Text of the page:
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Hardcover | $32.00 Short | £22.95 | ISBN: 9780262017367 | 248 pp. | 6 x 9 in | 8 figures| May 2012
 
Ebook | $22.00 Short | ISBN: 9780262302227 | 248 pp. | 6 x 9 in | 8 figures| May 2012
 

Invisible Users

Youth in the Internet Cafés of Urban Ghana

Overview

The urban youth frequenting the Internet cafés of Accra, Ghana, who are decidedly not members of their country’s elite, use the Internet largely as a way to orchestrate encounters across distance and amass foreign ties--activities once limited to the wealthy, university-educated classes. The Internet, accessed on second-hand computers (castoffs from the United States and Europe), has become for these youths a means of enacting a more cosmopolitan self. In Invisible Users, Jenna Burrell offers a richly observed account of how these Internet enthusiasts have adopted, and adapted to their own priorities, a technological system that was not designed with them in mind.

Burrell describes the material space of the urban Internet café and the virtual space of push and pull between young Ghanaians and the foreigners they encounter online; the region’s famous 419 scam strategies and the rumors of “big gains” that fuel them; the influential role of churches and theories about how the supernatural operates through the network; and development rhetoric about digital technologies and the future viability of African Internet cafés in the region.

Burrell, integrating concepts from science and technology studies and African studies with empirical findings from her own field work in Ghana, captures the interpretive flexibility of technology by users in the margins but also highlights how their invisibility puts limits on their full inclusion into a global network society.

About the Author

Jenna Burrell is Assistant Professor in the School of Information at the University of California, Berkeley

Reviews

"In this well-written and compelling book, Burrell deftly supports her conviction that future scholarship must recognize the inconsistencies inherent in the digital experiences of those who live in the margins of our global society."—Practical Matters

"This book is a fine, Africa-based contribution to theory in technology studies as well as an empirical achievement that should be of strong interest to the cultural studies community in general. Those of us who work on Africa, youth, new communications technology, or Ghana will be far from its only readers."—Jo Ellen Fair, African Studies Review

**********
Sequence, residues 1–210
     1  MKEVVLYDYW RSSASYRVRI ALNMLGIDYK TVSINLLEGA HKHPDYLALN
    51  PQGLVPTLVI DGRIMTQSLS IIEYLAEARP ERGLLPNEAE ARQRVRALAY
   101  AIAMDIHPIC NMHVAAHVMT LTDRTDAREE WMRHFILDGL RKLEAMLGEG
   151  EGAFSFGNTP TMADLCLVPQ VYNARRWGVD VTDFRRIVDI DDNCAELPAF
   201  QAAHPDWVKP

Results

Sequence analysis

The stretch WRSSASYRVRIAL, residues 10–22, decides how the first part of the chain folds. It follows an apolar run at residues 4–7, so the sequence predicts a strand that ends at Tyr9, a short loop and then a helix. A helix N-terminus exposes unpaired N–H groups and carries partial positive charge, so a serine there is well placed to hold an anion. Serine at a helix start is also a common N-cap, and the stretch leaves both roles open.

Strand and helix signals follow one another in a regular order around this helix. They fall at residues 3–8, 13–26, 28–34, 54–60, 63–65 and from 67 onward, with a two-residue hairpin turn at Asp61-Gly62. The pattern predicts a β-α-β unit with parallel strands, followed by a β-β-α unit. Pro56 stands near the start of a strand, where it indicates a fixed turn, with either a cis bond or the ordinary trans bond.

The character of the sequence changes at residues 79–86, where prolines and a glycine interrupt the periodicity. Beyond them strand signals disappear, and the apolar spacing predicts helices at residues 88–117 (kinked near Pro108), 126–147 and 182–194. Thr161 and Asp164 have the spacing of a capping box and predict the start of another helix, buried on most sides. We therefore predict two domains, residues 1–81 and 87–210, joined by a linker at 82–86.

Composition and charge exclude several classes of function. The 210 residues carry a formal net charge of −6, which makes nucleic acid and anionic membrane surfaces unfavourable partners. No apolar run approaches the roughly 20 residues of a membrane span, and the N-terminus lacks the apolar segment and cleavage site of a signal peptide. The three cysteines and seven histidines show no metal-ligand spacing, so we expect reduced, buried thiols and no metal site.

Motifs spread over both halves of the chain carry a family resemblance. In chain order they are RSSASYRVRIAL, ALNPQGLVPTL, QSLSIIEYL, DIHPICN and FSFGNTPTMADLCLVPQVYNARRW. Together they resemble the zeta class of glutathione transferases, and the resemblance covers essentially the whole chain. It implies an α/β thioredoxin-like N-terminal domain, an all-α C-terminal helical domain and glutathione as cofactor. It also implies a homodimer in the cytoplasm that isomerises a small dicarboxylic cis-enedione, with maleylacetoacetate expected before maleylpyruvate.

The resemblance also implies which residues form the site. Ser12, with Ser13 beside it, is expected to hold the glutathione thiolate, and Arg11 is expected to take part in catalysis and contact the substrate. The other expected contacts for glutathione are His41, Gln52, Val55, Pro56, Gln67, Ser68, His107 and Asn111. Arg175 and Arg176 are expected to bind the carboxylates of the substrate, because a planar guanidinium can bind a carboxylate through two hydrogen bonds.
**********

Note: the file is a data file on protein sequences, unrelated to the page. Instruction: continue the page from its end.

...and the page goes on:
Endorsements

"In this fascinating ethnography of life in internet cafes in Ghana, Jenna Burrell shows how a blend of scammers, religion, and a grey market produce a new form of digital marginality. Exploring the ‘material turn’ in science and technology studies, this book makes an important contribution to media studies, development studies, and anthropology."—Trevor Pinch, Professor of Science and Technology Studies, Cornell University

"Jenna Burrell offers a vivid and detailed portrait of a corner of the internet few of us consider closely—the hundreds of millions of internet users in the developing world who share the online spaces we inhabit. Burrell's in-depth examination of internet culture in Ghana shatters stereotypes with nuance, encouraging us to think through complex issues like advance fee fraud, computer recycling and cross-cultural encounter from the perspective of ordinary, middle-class Africans approaching the internet with fears and hopes both similar and different to the ones we hold."—Ethan Zuckerman, Director, Center for Civic Media at MIT

"Too often, scholars and practitioners of information technology have used Africa as a foil for modernity and development without ever bothering to see what is happening there. This book is an extraordinary corrective. Rich with stories of Ghanaian life from the Internet Café to the Pentecostal church to the UN World Summit on Information Society, it uses this material to reformulate ideas of agency, materiality, orality and marginality. Invisible Users is a work on the global spread of information technology unlike any other, and a model for any to come."—Christopher M. Kelty, Associate Professor of Anthropology and Information Studies, UCLA